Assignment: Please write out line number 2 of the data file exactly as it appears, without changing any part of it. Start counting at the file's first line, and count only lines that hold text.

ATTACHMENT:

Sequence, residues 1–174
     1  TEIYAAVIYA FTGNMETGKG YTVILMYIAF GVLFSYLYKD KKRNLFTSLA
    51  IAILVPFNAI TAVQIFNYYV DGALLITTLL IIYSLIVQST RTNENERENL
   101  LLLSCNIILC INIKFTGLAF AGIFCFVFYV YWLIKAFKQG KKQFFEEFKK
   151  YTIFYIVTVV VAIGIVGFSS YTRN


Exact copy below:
     1  TEIYAAVIYA FTGNMETGKG YTVILMYIAF GVLFSYLYKD KKRNLFTSLA